The shame is that all GitHub clones copy this workflow verbatim – Gitea, GitLab, all of them do this.
Patches. Changes should be proposed as sets of simple patch files that can be retrieved and applied to the working tree.
To solve commit spam, each patch is one commit, and should be a complete idea that could be committed immediately as one unit, if the maintainers approve. Contributors amend their commits regularly and resubmit v2, v3, … patchsets using Git’s native support for doing so. Each resubmission of the patchset thus forms a public record of the progress made on the work. All of the pointless minutiae such as typo fixing, style/linter nits, are unnecessary for the public eye and are squashed away.
Patches implicitly support stacking, since they are not bound tightly to a specific publicly visible branch. Contributors should make clear where the patch is intended to be applied, and what other patchsets their patchset depends on (if any).
Patches do not require signing into yet-another-Gitea-instance. They are simply text files, and can be emailed, uploaded to a personal website, or even sent directly over a chat channel, if small enough. Compare the following steps to the longer procedure above:
- Clone the upstream repository
- Create a branch, make changes, and commit
- Generate patches with
git format-patchand convey them to the maintainer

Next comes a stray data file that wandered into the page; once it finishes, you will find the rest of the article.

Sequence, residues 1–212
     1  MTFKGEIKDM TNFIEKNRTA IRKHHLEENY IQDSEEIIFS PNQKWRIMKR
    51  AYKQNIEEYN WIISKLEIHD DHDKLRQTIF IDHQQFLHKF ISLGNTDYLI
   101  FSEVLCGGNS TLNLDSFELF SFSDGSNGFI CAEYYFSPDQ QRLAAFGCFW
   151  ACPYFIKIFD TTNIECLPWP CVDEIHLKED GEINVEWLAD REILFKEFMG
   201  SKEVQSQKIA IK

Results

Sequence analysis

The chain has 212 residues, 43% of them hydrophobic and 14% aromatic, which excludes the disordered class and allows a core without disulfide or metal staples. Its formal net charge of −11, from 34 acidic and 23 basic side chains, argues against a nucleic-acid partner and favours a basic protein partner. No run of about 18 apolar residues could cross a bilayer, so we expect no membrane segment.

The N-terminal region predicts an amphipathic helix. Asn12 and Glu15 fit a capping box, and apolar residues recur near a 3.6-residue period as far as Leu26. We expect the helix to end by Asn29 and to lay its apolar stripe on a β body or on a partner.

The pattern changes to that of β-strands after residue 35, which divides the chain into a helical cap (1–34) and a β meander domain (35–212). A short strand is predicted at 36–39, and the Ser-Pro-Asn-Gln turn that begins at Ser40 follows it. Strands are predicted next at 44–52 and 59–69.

- Delete the branch after the patches are integrated
Not only is this procedure shorter, it’s also simpler and does not rely on any proprietary services.
Now, who works this way, and who provides these workflows? Many massive, important open source projects such as the Linux kernel, OpenBSD operating system, PostgreSQL, and git itself are developed in this manner – developers exchange patchsets over email. Email is a very blunt tool, however, and isn’t very smart. There exist services such as SourceHut and Phabricator (unfortunately no longer maintained) that provide prettier interfaces over a patch-based or patch-like workflow.
If you ever join a very large company (like Google or Facebook), you’ll find that their change review systems will be quite similar to a patch workflow as well.
Anyways, this might sound like an old-fashioned graybeard’s workflow to many newer programmers who grew up doing things the “GitHub” way, but I urge you to consider my points and think again about the problems I’ve mentioned. I grew up on the “GitHub way” myself and didn’t realize what a productivity handicap it was until I experienced the “patch workflow” for myself.
A website exists that provides a gentle introduction to configuring your setup for emailing patches around. Give it a shot!
Please let me know what you think! (Mail the public comments mailing list shown in the footer)
Until next time!